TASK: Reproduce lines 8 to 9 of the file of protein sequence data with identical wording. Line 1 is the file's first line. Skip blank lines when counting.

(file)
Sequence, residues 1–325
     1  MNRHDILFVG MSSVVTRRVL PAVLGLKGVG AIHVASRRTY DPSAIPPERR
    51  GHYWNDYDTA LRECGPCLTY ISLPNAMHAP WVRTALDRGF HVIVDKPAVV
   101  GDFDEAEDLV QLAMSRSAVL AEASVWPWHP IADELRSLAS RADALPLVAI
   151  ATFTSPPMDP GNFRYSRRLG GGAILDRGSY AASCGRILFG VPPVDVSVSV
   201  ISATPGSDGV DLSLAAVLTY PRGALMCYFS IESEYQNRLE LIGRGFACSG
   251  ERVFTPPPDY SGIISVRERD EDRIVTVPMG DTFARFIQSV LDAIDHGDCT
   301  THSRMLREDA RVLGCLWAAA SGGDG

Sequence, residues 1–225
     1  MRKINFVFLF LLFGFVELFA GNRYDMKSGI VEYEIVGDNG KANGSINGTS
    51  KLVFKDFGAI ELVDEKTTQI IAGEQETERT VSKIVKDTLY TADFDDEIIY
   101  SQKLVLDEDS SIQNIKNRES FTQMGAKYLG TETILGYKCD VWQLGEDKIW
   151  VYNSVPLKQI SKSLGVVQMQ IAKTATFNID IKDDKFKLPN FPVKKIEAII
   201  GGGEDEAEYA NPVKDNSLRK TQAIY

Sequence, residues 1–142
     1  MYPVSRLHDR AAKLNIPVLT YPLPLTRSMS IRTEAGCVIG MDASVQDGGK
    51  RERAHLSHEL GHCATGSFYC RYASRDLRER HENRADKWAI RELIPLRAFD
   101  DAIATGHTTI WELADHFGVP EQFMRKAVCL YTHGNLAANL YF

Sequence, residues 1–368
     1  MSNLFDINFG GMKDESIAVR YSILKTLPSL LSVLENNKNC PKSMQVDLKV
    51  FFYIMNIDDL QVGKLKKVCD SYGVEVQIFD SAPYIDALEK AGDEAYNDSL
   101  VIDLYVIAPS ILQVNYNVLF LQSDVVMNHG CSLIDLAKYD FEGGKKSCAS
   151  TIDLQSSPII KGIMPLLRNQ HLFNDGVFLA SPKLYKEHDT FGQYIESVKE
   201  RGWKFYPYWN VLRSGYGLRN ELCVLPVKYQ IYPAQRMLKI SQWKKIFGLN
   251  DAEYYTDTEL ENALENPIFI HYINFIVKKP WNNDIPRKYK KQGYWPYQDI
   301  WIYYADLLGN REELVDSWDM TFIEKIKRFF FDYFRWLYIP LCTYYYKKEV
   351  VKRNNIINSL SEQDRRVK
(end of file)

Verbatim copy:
   301  THSRMLREDA RVLGCLWAAA SGGDG

Sequence, residues 1–225